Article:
Saturday, September 9, 2017

The Bachtrack Top Ten Contemporary Pieces: a Review

Here is the list from Bachtrack of the Top 10 contemporary works. Since some of these I have never heard, I thought it might be interesting to give them a listen.
Top 10 contemporary works
1=Nunc dimittis (Arvo Pärt)
1=Film music from Star Wars (John Williams)
3.The Deer’s Cry (Arvo Pärt)
4.Danzón no.2 (Arturo Márquez)
5.Scheherazade.2, (John Adams)
6=Fratres, (Arvo Pärt)
6=Short Ride in a Fast Machine, (John Adams)
8=Con brio (Jörg Widmann) 
8=Orawa (Wojciech Kilar)
10.Other film music (John Williams)

Arvo Pärt I know fairly well, of course, but Nunc dimittis is not on the CD collection I have of his music, though I may have heard it on YouTube. Here is performance by the Elora Festival singers.

This is an a cappella work and as such does not have the interesting timbres we find in Pärt's instrumental music. It is a very nice piece, of course, as one would expect. Very meditative and peaceful, which is probably why it is popular. The most liked classical music these days seems often to be the stuff that is the most relaxing. We lead tense lives, it seems.

I don't think we need to say much about the music for Star Wars. Very appropriate and excellent film music.

Then another piece by Arvo Pärt that I don't know, The Deer's Cry. This is another a cappella work somewhat similar to Nunc dimittis, but with a different kind of texture, less sustained, more pointillist. The performers are the Erebus Ensemble:

I do know the Danzón no. 2 by Arturo Márquez, a Mexican composer. This is the kind of infectious Latin American music that we guitarists have a lot of. There are lovely syncopated dance pieces from Venezuela, Argentina, Mexico, Cuba, all over. This is not what I usually think of when I think of contemporary music, but hey. The performers are Gustavo Dudamel, and, I think, the Bolivar Youth Orchestra:

Next we have Scheherazade.2 by John Adams, as Wikipedia says, a "dramatic symphony" for violin and orchestra. This is a lengthy work and is in four clips on YouTube. The performers are Leila Josefowitz (for whom Salonen's Violin Concerto was also written) and the St. Louis Symphony conducted by David Robertson. Blogger will not embed, so here are the links:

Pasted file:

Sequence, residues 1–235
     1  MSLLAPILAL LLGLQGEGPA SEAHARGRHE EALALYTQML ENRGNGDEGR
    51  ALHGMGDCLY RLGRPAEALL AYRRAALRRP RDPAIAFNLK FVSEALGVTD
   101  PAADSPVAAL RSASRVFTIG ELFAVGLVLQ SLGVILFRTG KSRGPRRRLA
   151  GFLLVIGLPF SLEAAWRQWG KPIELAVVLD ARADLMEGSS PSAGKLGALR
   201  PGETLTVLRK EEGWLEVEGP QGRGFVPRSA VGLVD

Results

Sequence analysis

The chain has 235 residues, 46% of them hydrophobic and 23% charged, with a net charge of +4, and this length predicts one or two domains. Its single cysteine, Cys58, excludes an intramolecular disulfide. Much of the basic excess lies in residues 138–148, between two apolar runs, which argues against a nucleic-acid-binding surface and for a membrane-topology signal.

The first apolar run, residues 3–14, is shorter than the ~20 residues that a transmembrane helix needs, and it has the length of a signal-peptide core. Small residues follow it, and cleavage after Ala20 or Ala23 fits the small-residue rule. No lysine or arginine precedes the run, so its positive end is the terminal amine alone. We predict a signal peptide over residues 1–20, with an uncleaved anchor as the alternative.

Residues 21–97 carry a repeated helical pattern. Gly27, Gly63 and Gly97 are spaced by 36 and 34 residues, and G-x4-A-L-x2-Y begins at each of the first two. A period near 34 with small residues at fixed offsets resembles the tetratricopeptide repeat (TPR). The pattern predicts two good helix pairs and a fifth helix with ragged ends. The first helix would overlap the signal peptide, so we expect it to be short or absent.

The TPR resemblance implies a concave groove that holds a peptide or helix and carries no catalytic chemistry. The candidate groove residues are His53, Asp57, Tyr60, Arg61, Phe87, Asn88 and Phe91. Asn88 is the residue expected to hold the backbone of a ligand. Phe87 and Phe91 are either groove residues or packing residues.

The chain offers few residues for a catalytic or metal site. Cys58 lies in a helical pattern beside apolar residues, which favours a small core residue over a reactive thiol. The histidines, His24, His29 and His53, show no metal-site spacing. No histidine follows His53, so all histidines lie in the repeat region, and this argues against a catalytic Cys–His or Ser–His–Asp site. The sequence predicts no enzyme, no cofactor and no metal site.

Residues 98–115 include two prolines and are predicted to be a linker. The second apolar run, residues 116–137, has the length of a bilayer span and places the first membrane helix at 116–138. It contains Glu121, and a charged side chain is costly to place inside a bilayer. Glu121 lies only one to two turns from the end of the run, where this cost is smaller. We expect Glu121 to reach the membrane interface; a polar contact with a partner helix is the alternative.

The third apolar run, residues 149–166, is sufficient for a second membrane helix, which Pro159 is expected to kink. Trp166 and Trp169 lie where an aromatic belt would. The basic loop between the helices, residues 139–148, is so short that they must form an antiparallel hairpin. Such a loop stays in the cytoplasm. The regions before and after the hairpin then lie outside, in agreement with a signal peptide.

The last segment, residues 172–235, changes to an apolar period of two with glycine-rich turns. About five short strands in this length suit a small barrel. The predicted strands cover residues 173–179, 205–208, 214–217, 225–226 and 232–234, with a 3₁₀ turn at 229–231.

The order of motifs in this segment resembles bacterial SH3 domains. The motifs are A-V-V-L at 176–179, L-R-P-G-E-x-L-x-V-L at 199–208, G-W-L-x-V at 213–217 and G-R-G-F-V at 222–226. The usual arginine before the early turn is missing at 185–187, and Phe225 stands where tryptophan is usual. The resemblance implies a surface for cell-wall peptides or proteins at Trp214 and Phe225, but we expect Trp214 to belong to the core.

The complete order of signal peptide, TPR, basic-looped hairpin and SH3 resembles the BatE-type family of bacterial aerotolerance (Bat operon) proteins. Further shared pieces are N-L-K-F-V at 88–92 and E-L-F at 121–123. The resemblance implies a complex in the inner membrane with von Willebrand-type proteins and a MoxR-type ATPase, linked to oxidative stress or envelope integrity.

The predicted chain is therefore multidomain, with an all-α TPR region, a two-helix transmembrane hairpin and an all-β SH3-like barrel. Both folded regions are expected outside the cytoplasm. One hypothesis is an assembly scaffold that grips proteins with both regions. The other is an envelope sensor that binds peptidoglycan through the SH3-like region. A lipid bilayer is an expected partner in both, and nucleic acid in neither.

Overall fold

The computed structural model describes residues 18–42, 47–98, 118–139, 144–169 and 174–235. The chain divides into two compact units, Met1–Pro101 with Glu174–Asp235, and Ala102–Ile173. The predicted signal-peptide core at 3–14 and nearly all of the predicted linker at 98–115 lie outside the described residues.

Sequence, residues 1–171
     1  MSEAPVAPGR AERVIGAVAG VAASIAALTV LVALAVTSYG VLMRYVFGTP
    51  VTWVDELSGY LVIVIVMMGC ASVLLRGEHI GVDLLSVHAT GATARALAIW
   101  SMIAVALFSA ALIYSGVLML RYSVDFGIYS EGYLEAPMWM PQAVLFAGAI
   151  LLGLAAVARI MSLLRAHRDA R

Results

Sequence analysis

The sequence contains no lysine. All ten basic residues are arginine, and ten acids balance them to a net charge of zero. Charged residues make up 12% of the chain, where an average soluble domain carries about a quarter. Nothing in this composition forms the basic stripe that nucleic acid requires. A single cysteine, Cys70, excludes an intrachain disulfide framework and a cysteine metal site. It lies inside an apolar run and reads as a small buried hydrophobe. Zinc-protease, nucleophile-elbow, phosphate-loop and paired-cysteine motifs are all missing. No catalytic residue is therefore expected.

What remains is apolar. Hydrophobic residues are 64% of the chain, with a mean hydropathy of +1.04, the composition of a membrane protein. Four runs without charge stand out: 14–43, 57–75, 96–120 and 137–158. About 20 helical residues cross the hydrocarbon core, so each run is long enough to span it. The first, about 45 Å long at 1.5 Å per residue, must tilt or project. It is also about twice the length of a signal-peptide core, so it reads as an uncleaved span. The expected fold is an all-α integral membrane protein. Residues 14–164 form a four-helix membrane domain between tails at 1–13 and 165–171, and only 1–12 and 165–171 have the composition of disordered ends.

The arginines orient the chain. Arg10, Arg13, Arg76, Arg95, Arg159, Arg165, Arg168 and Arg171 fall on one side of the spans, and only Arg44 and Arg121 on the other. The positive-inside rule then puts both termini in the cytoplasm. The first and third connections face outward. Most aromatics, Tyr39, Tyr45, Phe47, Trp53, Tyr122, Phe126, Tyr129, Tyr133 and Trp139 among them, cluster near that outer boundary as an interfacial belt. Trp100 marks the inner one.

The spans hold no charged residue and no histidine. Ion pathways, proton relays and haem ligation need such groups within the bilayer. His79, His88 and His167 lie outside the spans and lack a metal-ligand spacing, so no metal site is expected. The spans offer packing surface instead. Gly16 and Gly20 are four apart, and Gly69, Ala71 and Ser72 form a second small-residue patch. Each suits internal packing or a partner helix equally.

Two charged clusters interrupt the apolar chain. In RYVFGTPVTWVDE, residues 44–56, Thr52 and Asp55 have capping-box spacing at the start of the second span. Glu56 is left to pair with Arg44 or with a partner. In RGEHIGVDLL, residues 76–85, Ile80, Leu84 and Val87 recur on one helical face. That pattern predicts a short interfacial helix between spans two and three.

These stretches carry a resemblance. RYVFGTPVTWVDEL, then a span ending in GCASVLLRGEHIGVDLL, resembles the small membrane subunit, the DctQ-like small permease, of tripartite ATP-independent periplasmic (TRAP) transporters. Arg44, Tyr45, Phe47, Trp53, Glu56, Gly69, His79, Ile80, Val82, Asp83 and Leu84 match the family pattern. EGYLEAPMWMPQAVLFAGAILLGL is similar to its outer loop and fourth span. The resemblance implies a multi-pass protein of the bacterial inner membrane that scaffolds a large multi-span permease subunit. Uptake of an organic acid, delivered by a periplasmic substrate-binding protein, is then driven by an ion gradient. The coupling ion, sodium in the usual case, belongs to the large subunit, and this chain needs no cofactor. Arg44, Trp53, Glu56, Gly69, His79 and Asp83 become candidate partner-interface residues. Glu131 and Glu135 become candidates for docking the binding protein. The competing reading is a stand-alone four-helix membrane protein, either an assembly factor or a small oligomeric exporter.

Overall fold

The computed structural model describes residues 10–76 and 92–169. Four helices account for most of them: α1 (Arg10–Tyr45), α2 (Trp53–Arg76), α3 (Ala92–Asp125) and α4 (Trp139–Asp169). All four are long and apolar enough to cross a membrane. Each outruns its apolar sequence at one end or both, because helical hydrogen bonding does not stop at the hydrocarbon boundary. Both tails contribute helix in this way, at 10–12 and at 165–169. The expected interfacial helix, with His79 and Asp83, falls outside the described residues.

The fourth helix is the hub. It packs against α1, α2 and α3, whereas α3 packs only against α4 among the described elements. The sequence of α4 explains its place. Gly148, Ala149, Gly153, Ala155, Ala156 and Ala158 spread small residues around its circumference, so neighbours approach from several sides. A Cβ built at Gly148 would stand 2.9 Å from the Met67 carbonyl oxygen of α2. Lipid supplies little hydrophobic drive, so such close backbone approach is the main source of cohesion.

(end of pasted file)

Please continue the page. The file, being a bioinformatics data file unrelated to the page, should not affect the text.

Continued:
Now that is quite interesting. I am wondering how BachTrack comes up with these statistics as there doesn't seem to be any information on the site. Anyone have an idea? Is this piece really this popular? How is it measured? Are the numbers just for the US? Anyway, let's stop here for now, halfway through the list.


Steven said...

There are also further statistics for 2016 in Bachtracks PDF here: It includes all composers -- not just contemporary -- and conductors, cellists, violinists and pianists. They do these lists every year, and you can easily search their site for more. The data is taken from Bachtrack's 'What's On' listings, I believe, which are definitely not complete. I often find certain chamber music concerts and more local -- provincial?
-- performances aren't included (UK). Perhaps someone can speak to the site's comprehensiveness in other countries?

I don't think Arvo Part is peaceful or relaxing (not that you said exactly that). Somewhere it was commented that while Part may be relaxing to listen to, he's not relaxing to play! Don't know if this is true, but I imagine a lot of his pieces are so slow and sustained that counting beats, at least, could be stressful. All three of those pieces sound pretty intense to me.

Bryan Townsend said...

Thanks, Steven, for the link. I did say he was "meditative and peaceful" which is probably how he is often heard. But I very much get your point. If you listen more closely his music is quite intense.

Craig said...

Very interesting! I guess I'm not surprised to see Part in the top 10, but I am a little surprised to see 3 of his pieces there, and surprised also at those 3. But, as a long-time Part admirer, I'm basically really pleased to see that his music is so popular.

The Nunc Dimittis is fittingly "meditative and peaceful"; it is, after all, a Vespers hymn about a man who prepares to "fall asleep". 'New lettest thou thy servant depart in peace, having seen thy salvation...'

I've not heard of Marquez before.

Marc Puckett said...

I listened to the Scheherazade.2 last September when JA conducted the Berlin Philharmonic in its premiere there (they call it a violin concerto). And once since. In my head I reduced all his programmatic rhetoric (the work 'doesn't tell a specific story' but only alludes to one etc etc) to 'a clever and valiant woman triumphs over an arrogant violence-prone man' (like in Handel's Esther: 'Flatt'ring tongue, no more I hear thee!/
Vain are all thy cruel wiles!/ Bloody wretch, no more I fear thee,/ Vain thy frowns and vain thy smiles./ Tyrant, when of power possess'd,/ Now thou tremblest, when distress'd') and rather enjoy the piece, the violin part of which is splendid-- Leila Josefowicz is a great performer.

Imagine how difficult the Pärt Tabula rasa must be! gosh.